• re-reconstruction
    • skimming
    • calibration
    • AOD extraction
  4. stores an entire copy of the AOD
  5. distributes RECOs, skims and AOD to the other T1 centers and CERN as well as the associated group of T2 centers
  6. provides secure storage and redistribution for MC events generated by the T2's (described below)

Tier-2 (T2)

A more numerous set of smaller Tier-2 (T2) centres ("small" centres at universities), but with substantial CPU resources, provide capacity for user analysis, calibration studies, and Monte Carlo production. T2 centers provide limited disk space, and no tape archiving. T2 centers rely upon T1s for access to large datasets and for secure storage of the new data (generally Monte Carlo) produced at the T2. The MC production in Tier-2's will in general be centrally organized, with generated MC samples being sent to an associated Tier-1 site for distribution among the CMS community. All other Tier-2 activities will be user driven, with data placed to match resources and needs: tape, disk, manpower, and the needs of local communities. The Tier-2 activities will be organized by the Tier-2 responsibles in collaboration with physics groups, regional associations and local communities.

In summary, the Tier-2 sites provide:

  1. services for local communities
  2. grid-based analysis for the whole experiment (Tier-2 resources available to whole experiment through the grid)
  3. Monte Carlo simulation for the whole experiment

As of October '07 there are about 36 T2 sites, each associated with one of the seven T1 sites or directly to CERN (the following image does not represent the actual T2 groupings under the T1s):

Tier structure

Data Organization

Data a physicist wants to see

To extract a physics message for a high energy physics analysis, a physicist has to combine a variety of information:

  • reconstructed information from the recorded detector data, specified by a combination of trigger paths and possibly further selected by cuts on reconstructed quantities (e.g., two jets),
  • MC samples which simulate the physics signal under investigation, and
  • background samples (specified by the simulated physics process).

The physics abstractions physicists use to request these items are datasets and event collections. The datasets are split off at the T0 and distributed to the T1s, as described above. An event collection is the smallest unit within a dataset that a user can select. Typically, the reconstructed information needed for the analysis, as in the first bullet above, would all be contained in one or a few event collection(s). The expectation is that the majority of analyses should be able to be performed on a single primary dataset.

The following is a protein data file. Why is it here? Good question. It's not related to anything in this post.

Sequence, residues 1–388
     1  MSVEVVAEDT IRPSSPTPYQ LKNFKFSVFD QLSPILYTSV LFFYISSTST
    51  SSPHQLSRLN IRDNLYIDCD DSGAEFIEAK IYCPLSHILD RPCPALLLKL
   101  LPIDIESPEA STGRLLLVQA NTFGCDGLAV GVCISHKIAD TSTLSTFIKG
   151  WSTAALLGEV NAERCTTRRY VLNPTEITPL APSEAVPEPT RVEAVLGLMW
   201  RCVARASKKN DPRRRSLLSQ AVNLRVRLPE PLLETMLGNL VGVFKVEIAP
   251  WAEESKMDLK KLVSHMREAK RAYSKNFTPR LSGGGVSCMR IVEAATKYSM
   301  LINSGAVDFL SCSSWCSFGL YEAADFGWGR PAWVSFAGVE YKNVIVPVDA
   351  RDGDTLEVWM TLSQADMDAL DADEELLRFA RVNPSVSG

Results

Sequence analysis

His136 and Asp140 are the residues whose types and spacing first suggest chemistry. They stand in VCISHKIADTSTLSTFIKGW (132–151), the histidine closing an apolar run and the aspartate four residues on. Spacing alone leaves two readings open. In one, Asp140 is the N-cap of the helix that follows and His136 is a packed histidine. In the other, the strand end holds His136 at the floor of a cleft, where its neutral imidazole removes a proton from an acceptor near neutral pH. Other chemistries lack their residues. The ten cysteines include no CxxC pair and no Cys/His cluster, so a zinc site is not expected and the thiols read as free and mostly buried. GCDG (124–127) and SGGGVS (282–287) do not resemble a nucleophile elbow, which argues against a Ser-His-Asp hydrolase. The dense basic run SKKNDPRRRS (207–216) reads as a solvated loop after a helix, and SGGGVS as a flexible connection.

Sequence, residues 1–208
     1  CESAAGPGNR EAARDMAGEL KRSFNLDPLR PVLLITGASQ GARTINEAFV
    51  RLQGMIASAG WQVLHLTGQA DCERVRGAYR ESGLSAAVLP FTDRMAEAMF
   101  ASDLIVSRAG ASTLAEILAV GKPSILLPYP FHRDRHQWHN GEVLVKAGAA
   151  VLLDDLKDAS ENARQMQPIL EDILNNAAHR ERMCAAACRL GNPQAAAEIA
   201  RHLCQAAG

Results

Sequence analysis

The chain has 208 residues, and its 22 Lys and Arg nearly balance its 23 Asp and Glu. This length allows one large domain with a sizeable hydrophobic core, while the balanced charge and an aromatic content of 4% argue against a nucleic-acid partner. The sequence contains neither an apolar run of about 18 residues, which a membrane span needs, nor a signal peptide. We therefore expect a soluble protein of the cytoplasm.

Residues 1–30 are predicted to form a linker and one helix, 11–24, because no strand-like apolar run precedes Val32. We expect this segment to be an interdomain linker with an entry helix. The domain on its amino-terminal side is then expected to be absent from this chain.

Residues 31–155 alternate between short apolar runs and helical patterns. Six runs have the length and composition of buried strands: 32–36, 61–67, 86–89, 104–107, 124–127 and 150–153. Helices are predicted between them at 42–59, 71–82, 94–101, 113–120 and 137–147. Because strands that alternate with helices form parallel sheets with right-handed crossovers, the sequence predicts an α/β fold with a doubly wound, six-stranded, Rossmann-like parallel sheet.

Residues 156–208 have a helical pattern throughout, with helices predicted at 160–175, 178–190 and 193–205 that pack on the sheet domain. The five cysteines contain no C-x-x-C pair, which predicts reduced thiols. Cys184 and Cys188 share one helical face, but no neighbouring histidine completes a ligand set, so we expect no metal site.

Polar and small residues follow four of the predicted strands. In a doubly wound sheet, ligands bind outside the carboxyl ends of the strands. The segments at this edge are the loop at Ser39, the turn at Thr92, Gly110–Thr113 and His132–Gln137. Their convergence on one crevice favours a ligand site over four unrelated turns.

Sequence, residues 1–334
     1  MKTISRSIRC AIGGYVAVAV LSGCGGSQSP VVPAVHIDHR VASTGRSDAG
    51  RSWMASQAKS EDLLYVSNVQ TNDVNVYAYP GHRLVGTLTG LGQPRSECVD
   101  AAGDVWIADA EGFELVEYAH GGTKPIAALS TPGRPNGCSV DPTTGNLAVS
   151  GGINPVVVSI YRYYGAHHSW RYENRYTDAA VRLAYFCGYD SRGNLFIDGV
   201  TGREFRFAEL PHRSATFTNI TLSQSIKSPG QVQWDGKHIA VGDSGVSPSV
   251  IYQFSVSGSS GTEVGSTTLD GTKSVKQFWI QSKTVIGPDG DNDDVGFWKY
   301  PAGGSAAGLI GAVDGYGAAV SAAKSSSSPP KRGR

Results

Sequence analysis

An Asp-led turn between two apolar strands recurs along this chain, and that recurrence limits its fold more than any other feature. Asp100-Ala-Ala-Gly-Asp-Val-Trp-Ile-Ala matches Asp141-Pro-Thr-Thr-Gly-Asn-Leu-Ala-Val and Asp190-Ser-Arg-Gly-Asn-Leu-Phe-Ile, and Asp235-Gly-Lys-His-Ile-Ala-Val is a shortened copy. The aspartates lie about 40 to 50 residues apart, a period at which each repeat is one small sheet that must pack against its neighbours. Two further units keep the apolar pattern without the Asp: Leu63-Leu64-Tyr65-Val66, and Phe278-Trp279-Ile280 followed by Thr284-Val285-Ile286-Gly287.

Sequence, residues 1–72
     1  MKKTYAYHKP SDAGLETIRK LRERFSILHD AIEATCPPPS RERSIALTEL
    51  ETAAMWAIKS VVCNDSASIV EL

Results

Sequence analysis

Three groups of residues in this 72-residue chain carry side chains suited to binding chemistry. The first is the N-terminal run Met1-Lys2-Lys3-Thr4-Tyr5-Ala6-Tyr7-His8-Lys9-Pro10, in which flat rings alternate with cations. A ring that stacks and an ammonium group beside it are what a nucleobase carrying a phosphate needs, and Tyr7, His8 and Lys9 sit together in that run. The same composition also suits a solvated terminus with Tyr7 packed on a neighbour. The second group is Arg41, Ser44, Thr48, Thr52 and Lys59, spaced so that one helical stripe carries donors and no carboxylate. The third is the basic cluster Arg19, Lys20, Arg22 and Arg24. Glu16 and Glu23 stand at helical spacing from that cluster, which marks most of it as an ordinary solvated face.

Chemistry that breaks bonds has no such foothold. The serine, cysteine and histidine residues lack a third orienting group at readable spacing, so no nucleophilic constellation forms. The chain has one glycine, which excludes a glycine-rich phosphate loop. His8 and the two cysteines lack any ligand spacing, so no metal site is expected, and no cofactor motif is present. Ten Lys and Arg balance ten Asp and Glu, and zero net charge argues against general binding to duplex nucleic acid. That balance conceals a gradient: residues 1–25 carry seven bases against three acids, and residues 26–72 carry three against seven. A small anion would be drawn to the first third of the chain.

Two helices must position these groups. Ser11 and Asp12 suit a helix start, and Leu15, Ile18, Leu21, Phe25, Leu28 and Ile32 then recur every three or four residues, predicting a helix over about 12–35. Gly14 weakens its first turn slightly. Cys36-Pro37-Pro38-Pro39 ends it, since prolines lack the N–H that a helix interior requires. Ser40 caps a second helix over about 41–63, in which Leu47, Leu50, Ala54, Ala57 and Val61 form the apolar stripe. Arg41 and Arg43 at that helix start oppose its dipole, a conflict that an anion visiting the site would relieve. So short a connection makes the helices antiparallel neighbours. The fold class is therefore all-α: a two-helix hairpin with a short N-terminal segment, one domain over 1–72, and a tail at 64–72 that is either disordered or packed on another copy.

Data are stored as ROOT files. The smallest unit in computing space is the file block which corresponds to a group of ROOT files likely to be accessed together. This requires a mapping from the physics abstraction (event collection) to the file location. CMS has a global data catalog called the Dataset Aggregation System (DAS) which provides mapping between the physics abstraction (dataset or event collection) and the list of fileblocks corresponding to this abstraction. It also gives the user an overview of what is available for analysis, as it has the complete catalog. The locations of these fileblocks within the CMS grid (several centers can provide access to the same fileblock) are resolved by the PhEDEx, the Physics Experiment Data EXport service. PhEDEx is responsible for transporting data around the CMS sites, and keeps track of which data exists at which site. The mapping thus occurs in two steps, at the DAS and PhEDEx. See WorkBookAnalysisWorkFlow for an illustration (note that, in that illustration, the role of the data-location service is represented by 'DLS', which was eliminated as being functionally redundant with the information contained in PhEDEx).

The CMS Data Hierarchy

CMS Data is arranged into a hierarchy of data tiers. Each physics event is written into each data tier, where the tiers each contain different levels of information about the event. The different tiers each have different uses. The three main data tiers written in CMS are:

  1. RAW: full event information from the Tier-0 (i.e. from CERN), containing 'raw' detector information (detector element hits, etc)
    • RAW is not used directly for analysis
  2. RECO ("RECOnstructed data"): the output from first-pass processing by the Tier-0. This layer contains reconstructed physics objects, but it's still very detailed